The latest Australian Anti-Corruption Commission (AACCC) corruption campaign has been dubbed “the most expensive political stunt in the history of the nation” by former ABC journalist Michael O’Donoghue.

“I think the most expensive stunt in Australian politics has been the Anti-Money Laundering (AML) crackdown on the banks,” Mr O’Donnell told ABC News Breakfast.

The latest round of anti-money laundering laws introduced in July 2014, came after more than $50 million was stolen from Australian banks during a period of heightened scrutiny of the financial sector.

An investigation by the ABC found that the banks were “selling” their stolen assets to investors in a scheme that involved buying up shares in banks, companies and individuals who had lost money from the crackdown.

When Mr O’tonghue launched his investigation, he had previously spoken of “a lot of money being wiped out”.

“The banks have been selling their stolen asset, and the AML crackdown on that,” he said.

Mr O’Connor said that in his research, he found that in some cases, the banks “didn’t really know” whether they had the legal right to sell the assets to a third party, or whether they were able to make any payments to investors.

However, he said, “many” of the banks had “lost money from AML” and had been “shackled into this very difficult position”.

“You had these banks which were just trying to sell assets, and it was really not clear whether they knew whether they could legally sell these assets to third parties or whether there were any liabilities,” he explained.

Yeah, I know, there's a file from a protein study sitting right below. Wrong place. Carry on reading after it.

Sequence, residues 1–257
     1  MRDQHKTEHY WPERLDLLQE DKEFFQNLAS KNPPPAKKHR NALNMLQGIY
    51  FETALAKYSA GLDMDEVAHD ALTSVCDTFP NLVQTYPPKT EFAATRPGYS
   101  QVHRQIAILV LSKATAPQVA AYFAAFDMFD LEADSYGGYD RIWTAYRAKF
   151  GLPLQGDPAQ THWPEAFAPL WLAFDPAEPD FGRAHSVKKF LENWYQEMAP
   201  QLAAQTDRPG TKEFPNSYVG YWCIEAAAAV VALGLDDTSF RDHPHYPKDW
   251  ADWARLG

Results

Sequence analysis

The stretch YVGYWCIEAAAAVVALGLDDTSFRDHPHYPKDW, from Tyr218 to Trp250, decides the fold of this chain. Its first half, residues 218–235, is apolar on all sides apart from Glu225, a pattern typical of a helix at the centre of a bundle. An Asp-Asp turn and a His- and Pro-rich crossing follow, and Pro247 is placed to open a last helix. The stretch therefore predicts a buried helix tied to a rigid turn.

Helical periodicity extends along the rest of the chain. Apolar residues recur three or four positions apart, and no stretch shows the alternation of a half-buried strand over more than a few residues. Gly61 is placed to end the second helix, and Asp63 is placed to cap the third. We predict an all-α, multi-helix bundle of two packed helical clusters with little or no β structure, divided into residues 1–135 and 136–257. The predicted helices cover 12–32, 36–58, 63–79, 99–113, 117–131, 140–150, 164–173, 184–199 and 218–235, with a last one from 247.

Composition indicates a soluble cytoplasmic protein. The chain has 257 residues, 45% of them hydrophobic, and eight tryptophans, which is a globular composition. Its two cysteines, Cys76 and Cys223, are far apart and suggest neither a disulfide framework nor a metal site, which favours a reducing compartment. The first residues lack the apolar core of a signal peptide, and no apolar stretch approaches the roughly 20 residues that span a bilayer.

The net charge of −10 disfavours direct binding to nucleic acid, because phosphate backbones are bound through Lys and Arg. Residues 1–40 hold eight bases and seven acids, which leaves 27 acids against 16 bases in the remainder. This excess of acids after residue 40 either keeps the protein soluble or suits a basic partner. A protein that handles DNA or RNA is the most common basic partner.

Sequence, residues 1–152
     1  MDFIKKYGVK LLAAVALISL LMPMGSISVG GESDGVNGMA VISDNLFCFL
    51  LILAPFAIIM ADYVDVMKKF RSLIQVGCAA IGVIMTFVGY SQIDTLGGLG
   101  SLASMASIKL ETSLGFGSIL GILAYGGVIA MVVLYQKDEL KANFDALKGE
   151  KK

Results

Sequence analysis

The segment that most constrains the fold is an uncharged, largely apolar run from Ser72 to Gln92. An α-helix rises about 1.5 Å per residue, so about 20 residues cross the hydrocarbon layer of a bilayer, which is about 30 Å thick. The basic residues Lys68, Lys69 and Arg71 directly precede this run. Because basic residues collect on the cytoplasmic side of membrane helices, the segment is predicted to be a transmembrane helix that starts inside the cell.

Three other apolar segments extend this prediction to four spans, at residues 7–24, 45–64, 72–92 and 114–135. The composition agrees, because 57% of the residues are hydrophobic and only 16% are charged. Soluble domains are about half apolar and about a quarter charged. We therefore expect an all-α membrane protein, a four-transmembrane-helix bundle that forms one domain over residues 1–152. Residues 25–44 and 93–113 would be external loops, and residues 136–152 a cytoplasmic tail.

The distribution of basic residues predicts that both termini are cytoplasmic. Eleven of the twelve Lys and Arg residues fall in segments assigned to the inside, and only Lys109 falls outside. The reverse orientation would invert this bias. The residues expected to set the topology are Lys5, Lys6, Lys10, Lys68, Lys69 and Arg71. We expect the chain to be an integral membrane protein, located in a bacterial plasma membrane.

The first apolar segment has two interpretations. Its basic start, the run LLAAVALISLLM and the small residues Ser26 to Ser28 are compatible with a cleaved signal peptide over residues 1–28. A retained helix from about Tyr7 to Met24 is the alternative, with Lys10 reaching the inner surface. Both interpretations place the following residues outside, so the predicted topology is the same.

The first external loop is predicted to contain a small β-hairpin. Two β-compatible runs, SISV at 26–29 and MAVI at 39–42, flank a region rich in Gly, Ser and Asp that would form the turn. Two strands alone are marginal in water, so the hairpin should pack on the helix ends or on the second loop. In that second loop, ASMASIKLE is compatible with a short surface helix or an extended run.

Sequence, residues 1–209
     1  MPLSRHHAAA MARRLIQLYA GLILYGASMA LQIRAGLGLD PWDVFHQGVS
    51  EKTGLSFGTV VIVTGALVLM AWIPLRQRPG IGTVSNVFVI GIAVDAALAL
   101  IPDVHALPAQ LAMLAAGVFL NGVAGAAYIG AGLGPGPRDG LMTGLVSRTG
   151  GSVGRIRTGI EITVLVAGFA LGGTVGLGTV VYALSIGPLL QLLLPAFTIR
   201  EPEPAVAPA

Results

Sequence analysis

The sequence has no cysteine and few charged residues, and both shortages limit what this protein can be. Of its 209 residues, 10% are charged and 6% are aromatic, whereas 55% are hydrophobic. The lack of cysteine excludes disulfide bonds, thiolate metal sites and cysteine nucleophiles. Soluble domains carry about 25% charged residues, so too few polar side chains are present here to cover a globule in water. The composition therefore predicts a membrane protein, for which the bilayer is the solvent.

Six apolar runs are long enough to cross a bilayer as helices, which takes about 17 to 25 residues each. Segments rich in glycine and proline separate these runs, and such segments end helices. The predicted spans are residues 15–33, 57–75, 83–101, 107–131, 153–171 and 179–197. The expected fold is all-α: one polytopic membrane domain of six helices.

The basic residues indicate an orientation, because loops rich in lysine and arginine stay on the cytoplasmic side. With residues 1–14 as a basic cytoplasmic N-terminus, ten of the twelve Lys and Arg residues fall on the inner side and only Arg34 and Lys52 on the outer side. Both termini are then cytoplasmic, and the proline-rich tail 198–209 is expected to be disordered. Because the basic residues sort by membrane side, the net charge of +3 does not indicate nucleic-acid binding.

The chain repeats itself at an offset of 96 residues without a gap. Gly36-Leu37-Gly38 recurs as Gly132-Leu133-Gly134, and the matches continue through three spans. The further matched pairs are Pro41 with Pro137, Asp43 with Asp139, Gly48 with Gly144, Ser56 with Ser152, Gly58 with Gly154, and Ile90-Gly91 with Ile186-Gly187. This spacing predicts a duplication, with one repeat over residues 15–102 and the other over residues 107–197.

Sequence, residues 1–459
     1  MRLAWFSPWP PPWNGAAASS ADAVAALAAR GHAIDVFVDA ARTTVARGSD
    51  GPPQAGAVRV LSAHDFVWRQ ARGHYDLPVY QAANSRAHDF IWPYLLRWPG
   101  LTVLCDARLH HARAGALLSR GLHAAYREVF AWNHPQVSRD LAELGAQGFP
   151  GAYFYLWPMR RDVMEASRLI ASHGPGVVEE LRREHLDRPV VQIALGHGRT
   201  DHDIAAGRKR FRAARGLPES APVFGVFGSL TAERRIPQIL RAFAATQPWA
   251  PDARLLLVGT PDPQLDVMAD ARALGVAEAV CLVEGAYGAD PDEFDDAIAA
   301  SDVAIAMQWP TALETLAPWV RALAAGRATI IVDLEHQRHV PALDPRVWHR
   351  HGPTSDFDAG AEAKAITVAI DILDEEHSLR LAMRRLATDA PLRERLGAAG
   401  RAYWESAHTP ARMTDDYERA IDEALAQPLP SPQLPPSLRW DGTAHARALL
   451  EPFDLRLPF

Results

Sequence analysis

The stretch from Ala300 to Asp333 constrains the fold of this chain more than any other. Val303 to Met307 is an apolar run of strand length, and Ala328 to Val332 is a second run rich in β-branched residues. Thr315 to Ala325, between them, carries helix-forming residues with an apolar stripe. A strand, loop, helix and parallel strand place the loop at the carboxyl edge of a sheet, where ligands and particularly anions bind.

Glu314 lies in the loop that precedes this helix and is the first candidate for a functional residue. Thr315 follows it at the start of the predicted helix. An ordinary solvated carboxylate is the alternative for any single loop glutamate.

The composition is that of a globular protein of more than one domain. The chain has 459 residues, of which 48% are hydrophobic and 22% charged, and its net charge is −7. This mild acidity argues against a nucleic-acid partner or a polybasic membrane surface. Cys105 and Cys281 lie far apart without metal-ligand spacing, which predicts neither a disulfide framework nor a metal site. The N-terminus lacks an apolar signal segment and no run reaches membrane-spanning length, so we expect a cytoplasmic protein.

“The answer is that they didn’t really have any legal justification to do it.”

Mr Odonghue said he felt the new legislation was “an embarrassment” for the banks and that the public had lost trust in the banks.

He said that his “worst fear” was that “we’re going to see this kind of thing happening again”.

“It is really disappointing that they haven’t acted more decisively to try and protect the Australian public from what has happened,” he told ABC Radio.

It was “just an embarrassing, embarrassing case” that had “been going on for too long”.

He said the banks would be looking to “get some teeth” into the legislation.

AACCP director-general Tony Bailie said the Government had made a “significant commitment” to protecting Australia’s banks and it would continue to take “every necessary step” to do so.

In a statement, the Prime Minister said the Australian people would have confidence in the integrity of the AACCC’s “firm and efficient” enforcement system.

“This Government is committed to working with the Australian Securities and Investments Commission to build the strongest and most effective system for financial and regulatory compliance in Australia, and is committed in this regard to ensuring that no bank or other person is allowed to evade the law by hiding assets in offshore tax havens,” he added.

More to come.